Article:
Fiscal and Monetary Policy: Recession & Economic Growth. Pros and Cons.

2 Pros and 2 Cons of using Fiscal and Monetary Policy Tools in the case of a Recession and Robust Economic Growth

Fiscal policy tool: Taxation

Recession and robust economic growth Taxation Pros on Unemployment:

1) Reducing income taxes can cause unemployment to decrease and provide an optimistic financial strategy for majority of the employed workforce. It also increases productivity and healthy business ethics, both of which are beneficial for businesses, employers, and overall commerce.

2) Reducing income taxes provides and is the majority of income for the government. Taxation gives the government the ability to function and the ability to focus on the publics' interests of expenditures in a specific sector of the fiscal policy.
 
Recession and robust economic growth Taxation Cons on Unemployment:

1) Entering and exiting recession can cause cyclical unemployment. Therefore, dependent on the economy’s current business cycle, increasing taxation during a recession will cause unemployment to increase higher and higher, lengthen the timeframe and term of economic growth from recession, and provide difficulty in projecting economic growth.

2) In a recessed economy, increasing taxation decreases worker productivity, income, and most importantly, the optimism of a workforce.
 
Monetary policy tool: Interest Rate

Recession and robust economic growth Interest Rate Pros:

1) Decreasing interest rates can assist to control a recession in the economy. By decreasing such rates, strength to sustain economic growth is foreseeable.

2) With regard to credit and lending, when the Federal Government appropriately continues to decrease interest rates and attempts to decelerate an obvious decline in a specific market or recover from a recession toward economic stability, the demand for lending and credit increases.

Recession and robust economic growth Interest Rate Cons:

1) Extraordinary interest rate increase can cause recession and may inadvertently decelerate economic growth.
 
2) Numerous and extraordinary interest rate increases can cause specific markets to suffer toward recession based on the lack of demand and overabundance of supply.

Still not sure how I see a reduction in taxation for the government as a “pro.” Even if I say that income tax is the main source of revenues the government can use to provide public goods or services? How could I possibly elaborate on this.

As a Tax "Pro" during a Recession toward Economic Growth, reducing taxes decreases unemployment and provides the workforce with a comfortable appetite of more income toward growth of monetary independence. By independence I mean that the people, subsequent to a recession, would not be as dependent on the assistance of Health and Human Services, such as welfare and unemployment during the recession. Health and Human Service is the largest sector of expenditure for the government. During an economic recession, so much more money and concentration is expended to assist those unemployed and newcomers entering welfare. Whereas, reducing taxes toward robust economic growth provides the government ease from Health and Human spending and provides them the ability to concentrate on other sectors. Also, when the economy is more healthy with reduced taxes and more income, consumers consume more goods and services; thus, more businesses are created, more businesses become more successful, and the more successful, the more philanthropic and charitable. In my opinion, I believe philanthropic and charitable donations can counteract a government's spending.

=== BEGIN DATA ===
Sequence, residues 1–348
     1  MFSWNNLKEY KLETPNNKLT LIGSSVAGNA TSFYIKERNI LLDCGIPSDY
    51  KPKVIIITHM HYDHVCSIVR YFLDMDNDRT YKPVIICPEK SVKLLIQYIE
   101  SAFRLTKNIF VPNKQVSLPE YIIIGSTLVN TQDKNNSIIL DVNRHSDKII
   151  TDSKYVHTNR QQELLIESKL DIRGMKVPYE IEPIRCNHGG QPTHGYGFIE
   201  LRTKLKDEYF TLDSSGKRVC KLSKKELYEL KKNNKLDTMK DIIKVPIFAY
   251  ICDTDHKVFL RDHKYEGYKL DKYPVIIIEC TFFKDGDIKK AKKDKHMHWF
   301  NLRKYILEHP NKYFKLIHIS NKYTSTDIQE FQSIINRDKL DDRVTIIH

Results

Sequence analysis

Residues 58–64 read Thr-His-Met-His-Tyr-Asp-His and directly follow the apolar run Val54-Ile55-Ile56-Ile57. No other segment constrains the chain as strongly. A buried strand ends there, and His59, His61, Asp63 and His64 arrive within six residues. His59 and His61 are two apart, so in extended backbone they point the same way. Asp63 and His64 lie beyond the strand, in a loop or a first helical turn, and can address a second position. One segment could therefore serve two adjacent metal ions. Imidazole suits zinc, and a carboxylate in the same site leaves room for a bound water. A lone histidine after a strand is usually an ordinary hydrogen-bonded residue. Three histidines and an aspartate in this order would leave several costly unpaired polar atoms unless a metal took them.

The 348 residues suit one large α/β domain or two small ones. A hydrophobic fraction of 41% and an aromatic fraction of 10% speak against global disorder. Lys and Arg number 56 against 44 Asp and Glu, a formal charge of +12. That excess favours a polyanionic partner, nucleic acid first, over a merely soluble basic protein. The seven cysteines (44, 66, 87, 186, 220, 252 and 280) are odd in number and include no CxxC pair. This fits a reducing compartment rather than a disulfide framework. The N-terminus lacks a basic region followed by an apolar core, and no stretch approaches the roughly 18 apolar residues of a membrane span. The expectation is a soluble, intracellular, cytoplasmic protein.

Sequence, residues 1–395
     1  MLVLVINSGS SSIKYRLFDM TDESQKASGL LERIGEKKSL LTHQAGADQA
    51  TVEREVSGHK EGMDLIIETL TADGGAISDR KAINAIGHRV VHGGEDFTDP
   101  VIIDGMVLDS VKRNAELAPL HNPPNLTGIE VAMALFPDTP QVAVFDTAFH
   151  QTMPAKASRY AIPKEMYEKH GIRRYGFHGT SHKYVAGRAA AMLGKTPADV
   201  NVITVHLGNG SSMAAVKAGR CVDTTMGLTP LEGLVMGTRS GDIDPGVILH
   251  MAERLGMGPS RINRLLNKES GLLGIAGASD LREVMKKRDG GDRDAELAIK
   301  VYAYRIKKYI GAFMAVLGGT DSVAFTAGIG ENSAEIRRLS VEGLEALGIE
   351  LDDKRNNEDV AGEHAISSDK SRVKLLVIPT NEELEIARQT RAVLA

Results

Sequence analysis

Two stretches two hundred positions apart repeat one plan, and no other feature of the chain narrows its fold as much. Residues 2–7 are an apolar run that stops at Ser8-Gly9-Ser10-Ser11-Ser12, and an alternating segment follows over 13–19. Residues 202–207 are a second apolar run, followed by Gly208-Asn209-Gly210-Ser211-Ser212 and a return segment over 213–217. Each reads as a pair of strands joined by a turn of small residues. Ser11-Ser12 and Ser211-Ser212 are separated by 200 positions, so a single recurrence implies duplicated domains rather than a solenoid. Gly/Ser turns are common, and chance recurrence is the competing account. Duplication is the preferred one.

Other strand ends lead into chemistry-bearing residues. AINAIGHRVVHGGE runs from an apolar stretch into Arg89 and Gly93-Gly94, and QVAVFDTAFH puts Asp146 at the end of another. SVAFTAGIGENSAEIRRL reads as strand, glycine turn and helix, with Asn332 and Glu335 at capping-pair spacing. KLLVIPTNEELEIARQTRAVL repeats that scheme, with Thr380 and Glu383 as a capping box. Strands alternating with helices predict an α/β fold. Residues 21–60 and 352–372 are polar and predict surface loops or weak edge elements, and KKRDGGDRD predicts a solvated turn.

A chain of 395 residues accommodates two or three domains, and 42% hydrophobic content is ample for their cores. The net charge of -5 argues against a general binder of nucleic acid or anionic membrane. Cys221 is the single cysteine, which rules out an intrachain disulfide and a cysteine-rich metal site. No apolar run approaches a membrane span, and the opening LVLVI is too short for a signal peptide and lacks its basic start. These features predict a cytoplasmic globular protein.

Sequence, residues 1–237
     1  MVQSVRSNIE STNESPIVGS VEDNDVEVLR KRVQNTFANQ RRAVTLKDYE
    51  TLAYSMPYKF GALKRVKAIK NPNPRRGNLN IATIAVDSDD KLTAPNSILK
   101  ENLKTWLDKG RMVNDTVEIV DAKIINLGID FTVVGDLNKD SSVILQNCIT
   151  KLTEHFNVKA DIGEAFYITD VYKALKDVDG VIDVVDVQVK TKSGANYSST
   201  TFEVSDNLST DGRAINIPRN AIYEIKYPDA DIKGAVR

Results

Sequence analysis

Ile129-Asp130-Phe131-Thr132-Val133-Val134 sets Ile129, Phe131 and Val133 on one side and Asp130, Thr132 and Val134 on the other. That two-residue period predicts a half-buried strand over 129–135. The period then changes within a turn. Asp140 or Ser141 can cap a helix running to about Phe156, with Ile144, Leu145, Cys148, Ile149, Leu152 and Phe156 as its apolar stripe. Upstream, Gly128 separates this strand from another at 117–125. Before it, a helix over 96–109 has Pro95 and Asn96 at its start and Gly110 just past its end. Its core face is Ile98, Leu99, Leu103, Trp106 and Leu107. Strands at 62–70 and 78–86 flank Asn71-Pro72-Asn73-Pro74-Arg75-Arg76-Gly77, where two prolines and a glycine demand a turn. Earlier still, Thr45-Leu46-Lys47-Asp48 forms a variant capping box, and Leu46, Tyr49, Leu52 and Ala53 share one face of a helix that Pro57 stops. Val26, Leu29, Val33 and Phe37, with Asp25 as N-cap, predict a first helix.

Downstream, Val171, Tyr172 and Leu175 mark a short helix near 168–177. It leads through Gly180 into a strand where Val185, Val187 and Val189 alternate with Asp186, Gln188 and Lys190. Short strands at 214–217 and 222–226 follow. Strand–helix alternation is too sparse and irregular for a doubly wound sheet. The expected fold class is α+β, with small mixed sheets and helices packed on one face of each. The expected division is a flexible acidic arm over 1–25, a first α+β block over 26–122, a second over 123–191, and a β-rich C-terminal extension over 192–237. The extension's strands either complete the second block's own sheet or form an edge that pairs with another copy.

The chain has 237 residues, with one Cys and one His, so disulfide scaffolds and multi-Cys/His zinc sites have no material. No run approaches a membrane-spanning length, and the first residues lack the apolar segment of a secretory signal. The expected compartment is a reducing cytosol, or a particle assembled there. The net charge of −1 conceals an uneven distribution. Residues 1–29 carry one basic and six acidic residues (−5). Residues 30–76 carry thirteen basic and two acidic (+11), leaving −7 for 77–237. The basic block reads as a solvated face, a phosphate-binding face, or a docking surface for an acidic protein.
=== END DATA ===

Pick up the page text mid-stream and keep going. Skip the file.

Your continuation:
Overall, I would prefer to change taxes to smooth out the business cycle as opposed to public spending; as once a service is provided, it is hard to remove (i.e. all welfare programs).

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DowntroddenInDC 5 years ago from Houston, TX

I'm trying to put together an 'essential' reading list of economics related books. Check it out and help me with selections!

http://keepingupwiththejones.es/blog/?page_id=69


Grey Wolf 3 years ago

Thanks so much for this. I have an econ exam tomorrow, and this really helps :)

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